The Dallas County grand jury indicted Patrick Tuter, 33, in the August 2012 death of Michael Vincent Allen. Tuter was working as a Garland officer when he became involved in a high-speed chase with Allen that ended in nearby Mesquite.
Tuter fired on the vehicle driven by the unarmed 25-year-old Wylie resident. Tuter was fired in March after an investigation determined he violated department policies on pursuits and use of force.
Police video showed the pursuit of a white pickup truck resembling one involved in a previous chase in a nearby town. After a half hour chase at high speeds, police cornered the truck in a cul-de-sac in nearby Mesquite. Tuter opened fire on the truck, reloading at least once, wounding Allen three times. Police initially said Tuter opened fire after Allen rammed a patrol car trying to pin him into the dead-end street. However, police dashboard video later showed that it was Tuter's patrol car that crashed into the truck, not the other way around.
The manslaughter charge is punishable by up to 20 years in prison.
Tuter's attorney, John Snider, told The Dallas Morning News last year that Allen's actions led Tuter to believe he was armed.
However, an attorney for the families of Allen and Bennett says the shooting is part of a disturbing trend. The indictment comes after a police shooting last month in Dallas that raised questions about the police use of lethal force.
According to a Dallas police report, Officer Cardan Spencer shot Bobby Gerald Bennett on Oct. 14 after the 52-year-old man lunged at him and another officer with a knife. However, video taken by a nearby surveillance camera showed Bennett did not appear to move toward the officers before he was shot and crumpled to the ground.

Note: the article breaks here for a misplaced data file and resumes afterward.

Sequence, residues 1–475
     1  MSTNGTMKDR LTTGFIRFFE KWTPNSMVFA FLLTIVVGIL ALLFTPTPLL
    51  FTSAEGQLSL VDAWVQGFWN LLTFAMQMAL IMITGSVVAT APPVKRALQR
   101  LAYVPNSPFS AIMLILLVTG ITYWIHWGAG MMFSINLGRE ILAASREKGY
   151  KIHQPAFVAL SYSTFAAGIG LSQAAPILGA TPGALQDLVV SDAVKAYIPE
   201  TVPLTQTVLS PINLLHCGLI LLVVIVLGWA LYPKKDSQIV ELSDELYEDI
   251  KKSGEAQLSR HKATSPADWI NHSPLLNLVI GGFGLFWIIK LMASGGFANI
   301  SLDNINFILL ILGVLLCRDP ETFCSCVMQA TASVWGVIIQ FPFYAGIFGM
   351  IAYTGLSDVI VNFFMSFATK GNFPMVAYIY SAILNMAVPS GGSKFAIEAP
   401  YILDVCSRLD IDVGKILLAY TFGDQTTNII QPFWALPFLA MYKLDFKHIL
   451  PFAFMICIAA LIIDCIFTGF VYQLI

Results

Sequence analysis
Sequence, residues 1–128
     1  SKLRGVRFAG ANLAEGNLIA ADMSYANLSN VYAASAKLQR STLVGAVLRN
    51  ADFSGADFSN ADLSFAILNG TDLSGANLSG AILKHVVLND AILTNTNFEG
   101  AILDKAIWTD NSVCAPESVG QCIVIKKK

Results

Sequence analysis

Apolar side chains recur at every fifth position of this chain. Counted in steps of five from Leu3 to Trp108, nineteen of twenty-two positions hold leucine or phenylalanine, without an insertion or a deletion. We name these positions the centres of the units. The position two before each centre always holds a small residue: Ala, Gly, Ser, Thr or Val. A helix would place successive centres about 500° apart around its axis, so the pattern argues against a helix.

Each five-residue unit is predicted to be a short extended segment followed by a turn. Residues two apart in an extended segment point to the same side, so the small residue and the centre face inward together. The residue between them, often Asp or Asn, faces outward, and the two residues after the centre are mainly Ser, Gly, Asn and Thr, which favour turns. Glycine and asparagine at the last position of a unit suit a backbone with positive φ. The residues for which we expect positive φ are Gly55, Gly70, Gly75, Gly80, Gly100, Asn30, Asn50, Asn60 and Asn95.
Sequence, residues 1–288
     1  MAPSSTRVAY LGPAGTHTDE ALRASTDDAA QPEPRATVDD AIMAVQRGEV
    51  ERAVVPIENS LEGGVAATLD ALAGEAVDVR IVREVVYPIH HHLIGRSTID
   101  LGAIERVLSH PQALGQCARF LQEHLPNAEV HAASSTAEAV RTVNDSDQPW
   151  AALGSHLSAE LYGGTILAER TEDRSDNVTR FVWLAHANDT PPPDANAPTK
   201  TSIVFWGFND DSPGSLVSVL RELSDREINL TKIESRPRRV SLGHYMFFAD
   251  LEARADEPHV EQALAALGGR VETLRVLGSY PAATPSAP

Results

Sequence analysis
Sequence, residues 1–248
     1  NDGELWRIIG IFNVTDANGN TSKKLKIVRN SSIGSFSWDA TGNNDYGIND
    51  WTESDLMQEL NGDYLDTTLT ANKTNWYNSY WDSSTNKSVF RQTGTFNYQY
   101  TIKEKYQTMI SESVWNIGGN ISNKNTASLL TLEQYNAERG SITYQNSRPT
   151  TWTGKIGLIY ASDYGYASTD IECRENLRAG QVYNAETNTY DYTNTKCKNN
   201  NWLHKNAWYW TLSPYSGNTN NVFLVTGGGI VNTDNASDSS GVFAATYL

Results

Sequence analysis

Also, Dallas Police Chief David Brown said two people who had witnessed the shooting from a nearby parked vehicle later came forward and corroborated what could be seen on the video. Brown apologized for shooting and said Spencer had been fired, and police later said a judge had directed that Spencer's case go to a grand jury.
Spencer's attorney, Robert Lee Rogers, has said he expects a grand jury will find that his client's actions were justified.
Don Tittle has filed a wrongful death lawsuit against Garland police on behalf of Allen's family.
"More and more, we're learning that the account given by the police officer is not what actually occurred," he told The Dallas Morning News. "That should be pretty alarming. It should certainly cause you to wonder in cases where there's no video at all and the officer just claims that the person made an aggressive move and they may or may not find a weapon on the person."
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